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Gerald Liew, Nichole Joachim, George Burlutsky, Paul Mitchell, Jie Jin Wang; Validating Two Age-Related Macular Degeneration Classification Scales in A Population-based Cohort.. Invest. Ophthalmol. Vis. Sci. 2015;56(7 ):3795.
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There are multiple classification systems for age-related macular degeneration (AMD), mostly based on patients from clinical trials. We validated two AMD classification systems using 5-year incident late AMD data from the Blue Mountains Eye Study (BMES) cohort, and compared the results with published estimates from the Age-Related Eye Diseases Study (AREDS) clinical trial.
Participants of the BMES were aged 40-99 years at baseline, n=2134; participants of the AREDS clinical trial were aged 55-80 years, n=3640. AMD lesions in the BMES were graded from stereoscopic fundus photographs and classified according to:1)AREDS Simplified Severity Scale, and 2)Basic Clinical Classification Scale. 5-year late AMD incidence rates (defined as the presence of geographic atrophy or choroidal neovascularization in either eye of subjects without late AMD in any eye at baseline) were presented by categories of both classifications and compared with published estimates from the AREDS population.
The Simplified Severity Scale calculates a risk score based on the presence of large drusen and pigment abnormalities in both eyes.(Table 1) The Basic Clinical Classification Scale categorizes these lesions as Intermediate AMD regardless of bilaterality. There were 32 patients with incident late AMD in either eye in BMES, and 316 in AREDS. The Simplified Scale classified similar proportions of participants who developed incident late AMD in both the BMES and AREDS samples for levels 1, 2, and 4, with the exception of level 3 (Fig 1A). The Basic Clinical Classification Scale categorized consistently higher late AMD incidence rates across all risk levels in the BMES compared to AREDS (Fig 1B).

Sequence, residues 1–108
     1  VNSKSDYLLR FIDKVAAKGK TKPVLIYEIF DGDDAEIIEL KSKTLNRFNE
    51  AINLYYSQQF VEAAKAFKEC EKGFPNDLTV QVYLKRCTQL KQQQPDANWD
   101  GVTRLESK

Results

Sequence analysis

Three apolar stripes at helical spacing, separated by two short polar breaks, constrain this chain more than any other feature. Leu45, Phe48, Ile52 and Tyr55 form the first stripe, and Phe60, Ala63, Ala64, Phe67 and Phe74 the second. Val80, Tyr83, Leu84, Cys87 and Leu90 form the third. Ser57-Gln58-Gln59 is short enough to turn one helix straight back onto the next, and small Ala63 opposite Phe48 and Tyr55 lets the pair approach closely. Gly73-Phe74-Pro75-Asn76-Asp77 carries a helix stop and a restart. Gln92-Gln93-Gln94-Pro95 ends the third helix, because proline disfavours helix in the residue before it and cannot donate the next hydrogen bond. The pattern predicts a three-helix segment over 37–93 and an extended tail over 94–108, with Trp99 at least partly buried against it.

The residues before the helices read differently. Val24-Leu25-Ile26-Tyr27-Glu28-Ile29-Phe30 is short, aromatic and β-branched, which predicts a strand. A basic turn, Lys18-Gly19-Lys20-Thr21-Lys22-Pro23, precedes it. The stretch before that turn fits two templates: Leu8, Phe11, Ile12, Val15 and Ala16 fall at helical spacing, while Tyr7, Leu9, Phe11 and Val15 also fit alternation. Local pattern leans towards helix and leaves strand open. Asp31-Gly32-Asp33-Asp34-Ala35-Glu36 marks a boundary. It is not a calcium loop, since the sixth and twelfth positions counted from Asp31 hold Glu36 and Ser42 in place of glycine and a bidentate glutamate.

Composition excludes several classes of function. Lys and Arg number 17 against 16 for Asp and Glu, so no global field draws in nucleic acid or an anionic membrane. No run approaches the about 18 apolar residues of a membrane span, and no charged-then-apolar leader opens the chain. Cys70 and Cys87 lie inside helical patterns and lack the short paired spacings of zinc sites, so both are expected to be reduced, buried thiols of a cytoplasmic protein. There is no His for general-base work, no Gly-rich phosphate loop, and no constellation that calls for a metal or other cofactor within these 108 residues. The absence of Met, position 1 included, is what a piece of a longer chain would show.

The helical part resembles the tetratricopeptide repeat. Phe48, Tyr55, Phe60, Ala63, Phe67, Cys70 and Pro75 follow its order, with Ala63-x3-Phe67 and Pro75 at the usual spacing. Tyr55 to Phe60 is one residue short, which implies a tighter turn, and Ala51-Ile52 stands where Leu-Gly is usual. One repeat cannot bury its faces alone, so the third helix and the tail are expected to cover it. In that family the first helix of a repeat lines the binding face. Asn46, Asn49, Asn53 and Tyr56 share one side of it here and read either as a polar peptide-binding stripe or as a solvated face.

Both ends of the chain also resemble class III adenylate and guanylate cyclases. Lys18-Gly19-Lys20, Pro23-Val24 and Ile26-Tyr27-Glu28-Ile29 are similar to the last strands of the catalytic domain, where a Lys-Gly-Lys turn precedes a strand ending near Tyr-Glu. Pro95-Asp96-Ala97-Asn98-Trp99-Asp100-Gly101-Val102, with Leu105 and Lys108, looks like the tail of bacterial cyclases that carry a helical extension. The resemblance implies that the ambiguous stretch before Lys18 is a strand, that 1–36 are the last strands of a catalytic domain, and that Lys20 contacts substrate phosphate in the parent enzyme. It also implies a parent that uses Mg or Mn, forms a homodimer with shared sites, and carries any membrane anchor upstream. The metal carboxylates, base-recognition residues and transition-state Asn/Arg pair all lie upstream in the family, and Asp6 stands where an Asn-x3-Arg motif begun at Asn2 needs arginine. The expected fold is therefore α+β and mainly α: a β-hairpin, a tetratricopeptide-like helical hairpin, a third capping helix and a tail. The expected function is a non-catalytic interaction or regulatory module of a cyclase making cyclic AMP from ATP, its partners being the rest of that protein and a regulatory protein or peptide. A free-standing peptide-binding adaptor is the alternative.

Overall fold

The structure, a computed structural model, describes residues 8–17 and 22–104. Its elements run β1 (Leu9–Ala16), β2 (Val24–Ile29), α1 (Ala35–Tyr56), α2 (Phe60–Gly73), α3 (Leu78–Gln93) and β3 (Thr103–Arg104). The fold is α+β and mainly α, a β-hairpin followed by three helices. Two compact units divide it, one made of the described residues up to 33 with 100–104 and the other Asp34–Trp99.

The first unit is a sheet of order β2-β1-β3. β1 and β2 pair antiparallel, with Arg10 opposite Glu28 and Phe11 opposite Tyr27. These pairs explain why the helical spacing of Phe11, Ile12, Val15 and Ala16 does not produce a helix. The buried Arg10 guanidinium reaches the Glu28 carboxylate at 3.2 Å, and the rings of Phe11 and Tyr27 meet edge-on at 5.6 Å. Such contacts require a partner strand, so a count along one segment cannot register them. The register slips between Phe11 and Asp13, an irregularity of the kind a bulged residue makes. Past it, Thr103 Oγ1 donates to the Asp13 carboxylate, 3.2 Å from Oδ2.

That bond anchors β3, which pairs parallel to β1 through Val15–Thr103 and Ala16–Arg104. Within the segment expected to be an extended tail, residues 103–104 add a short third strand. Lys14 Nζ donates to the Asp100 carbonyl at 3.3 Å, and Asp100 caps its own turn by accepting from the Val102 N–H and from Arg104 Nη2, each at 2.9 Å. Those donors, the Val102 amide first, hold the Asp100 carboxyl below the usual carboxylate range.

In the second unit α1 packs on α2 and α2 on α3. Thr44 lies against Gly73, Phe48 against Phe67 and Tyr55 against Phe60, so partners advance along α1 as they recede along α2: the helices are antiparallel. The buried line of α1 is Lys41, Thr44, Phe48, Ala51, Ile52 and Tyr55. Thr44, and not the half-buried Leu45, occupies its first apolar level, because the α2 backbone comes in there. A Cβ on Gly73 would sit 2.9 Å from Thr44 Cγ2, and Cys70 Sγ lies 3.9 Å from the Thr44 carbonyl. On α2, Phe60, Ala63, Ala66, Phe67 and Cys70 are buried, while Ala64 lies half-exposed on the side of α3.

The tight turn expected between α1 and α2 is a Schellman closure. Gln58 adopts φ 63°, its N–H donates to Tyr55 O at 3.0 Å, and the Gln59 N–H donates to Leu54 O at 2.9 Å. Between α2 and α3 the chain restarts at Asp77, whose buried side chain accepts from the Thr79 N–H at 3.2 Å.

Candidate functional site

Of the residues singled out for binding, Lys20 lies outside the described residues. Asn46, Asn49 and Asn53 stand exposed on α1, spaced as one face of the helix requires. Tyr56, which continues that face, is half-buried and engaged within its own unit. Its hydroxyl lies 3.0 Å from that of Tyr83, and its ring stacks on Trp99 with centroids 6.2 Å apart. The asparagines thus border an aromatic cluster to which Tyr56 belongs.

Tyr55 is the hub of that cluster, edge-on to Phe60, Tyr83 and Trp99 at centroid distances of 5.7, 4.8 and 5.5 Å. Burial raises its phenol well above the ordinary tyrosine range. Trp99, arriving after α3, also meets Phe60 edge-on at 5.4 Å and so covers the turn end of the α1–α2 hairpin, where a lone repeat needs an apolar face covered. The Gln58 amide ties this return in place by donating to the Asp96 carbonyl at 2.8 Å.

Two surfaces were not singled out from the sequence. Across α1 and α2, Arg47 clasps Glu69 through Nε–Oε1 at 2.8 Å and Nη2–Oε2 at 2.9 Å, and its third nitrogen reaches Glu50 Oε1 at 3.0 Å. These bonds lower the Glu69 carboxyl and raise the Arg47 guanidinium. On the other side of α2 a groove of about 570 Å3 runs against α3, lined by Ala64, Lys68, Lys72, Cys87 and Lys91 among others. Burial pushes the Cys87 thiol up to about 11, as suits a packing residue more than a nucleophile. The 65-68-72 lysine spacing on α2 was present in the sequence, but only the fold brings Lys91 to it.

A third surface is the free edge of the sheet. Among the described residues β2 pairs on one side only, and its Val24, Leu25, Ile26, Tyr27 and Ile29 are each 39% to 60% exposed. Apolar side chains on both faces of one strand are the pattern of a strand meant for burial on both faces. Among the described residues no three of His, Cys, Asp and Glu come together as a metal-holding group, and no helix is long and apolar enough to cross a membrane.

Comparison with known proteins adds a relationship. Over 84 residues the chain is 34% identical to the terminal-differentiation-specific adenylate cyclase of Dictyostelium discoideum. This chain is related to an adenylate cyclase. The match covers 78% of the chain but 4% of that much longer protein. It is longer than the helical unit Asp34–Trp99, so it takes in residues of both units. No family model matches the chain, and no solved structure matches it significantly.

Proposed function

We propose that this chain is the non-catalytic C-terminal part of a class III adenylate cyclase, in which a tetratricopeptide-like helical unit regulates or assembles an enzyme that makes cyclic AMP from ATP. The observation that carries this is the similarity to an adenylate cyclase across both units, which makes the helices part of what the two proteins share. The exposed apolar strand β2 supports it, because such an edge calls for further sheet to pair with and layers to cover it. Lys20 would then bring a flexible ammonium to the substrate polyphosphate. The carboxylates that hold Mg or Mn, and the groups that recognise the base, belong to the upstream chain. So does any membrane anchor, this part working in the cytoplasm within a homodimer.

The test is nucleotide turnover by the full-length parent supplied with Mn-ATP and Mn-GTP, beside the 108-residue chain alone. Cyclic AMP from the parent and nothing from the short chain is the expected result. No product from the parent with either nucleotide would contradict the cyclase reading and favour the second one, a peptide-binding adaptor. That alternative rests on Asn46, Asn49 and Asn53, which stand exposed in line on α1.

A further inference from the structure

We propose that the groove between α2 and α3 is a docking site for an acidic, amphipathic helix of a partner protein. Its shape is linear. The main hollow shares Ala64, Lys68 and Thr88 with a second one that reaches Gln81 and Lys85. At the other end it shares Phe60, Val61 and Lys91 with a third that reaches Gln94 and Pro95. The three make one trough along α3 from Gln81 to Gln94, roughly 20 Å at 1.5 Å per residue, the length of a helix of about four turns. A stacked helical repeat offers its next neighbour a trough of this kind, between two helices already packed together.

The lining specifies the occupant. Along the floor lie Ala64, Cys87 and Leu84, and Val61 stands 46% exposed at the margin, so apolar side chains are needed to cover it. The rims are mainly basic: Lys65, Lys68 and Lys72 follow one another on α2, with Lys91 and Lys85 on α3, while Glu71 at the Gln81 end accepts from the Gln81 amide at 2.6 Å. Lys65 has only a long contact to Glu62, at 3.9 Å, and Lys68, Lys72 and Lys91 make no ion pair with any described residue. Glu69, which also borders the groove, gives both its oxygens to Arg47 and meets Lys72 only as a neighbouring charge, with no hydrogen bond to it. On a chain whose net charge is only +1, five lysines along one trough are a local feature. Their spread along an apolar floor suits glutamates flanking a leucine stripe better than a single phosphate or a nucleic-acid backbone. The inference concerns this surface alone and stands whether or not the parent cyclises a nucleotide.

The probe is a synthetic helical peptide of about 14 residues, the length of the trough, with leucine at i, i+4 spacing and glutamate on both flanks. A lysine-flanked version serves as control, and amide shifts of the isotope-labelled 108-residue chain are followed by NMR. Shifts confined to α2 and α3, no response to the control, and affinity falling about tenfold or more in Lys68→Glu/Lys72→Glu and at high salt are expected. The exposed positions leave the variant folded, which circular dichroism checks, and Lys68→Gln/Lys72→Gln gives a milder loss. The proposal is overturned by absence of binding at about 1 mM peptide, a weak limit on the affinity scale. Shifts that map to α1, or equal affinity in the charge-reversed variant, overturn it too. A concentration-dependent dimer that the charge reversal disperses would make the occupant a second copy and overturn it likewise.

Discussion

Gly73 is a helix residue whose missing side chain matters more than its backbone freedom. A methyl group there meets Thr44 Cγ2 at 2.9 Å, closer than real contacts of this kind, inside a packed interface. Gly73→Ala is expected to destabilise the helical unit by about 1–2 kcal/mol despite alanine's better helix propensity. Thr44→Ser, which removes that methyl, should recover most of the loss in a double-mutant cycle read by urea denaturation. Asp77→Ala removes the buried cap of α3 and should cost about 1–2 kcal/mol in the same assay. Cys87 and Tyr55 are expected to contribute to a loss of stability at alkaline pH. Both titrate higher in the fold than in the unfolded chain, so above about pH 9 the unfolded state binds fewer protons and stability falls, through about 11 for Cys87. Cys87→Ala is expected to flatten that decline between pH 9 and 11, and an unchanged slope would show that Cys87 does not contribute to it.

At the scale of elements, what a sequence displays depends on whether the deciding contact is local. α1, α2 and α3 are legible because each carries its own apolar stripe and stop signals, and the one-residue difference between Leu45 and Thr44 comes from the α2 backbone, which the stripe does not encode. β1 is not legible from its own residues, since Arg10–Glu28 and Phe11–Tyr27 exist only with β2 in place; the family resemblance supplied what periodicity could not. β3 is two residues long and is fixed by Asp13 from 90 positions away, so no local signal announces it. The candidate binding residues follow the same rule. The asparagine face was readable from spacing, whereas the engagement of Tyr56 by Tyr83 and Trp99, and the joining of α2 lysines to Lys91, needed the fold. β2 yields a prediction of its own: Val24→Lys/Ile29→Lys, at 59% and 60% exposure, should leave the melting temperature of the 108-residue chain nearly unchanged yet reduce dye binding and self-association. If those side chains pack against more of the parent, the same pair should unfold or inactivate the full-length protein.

The AREDS Simplified Scale classifies late AMD risk levels similarly when applied to population-based and clinical trial samples. The Basic Clinical Classification resulted in higher incidence rates in all categories when applied to population-based compared to clinical trial samples. The choice of classification system may need to take into account the study population as different incidence rates may be reported.
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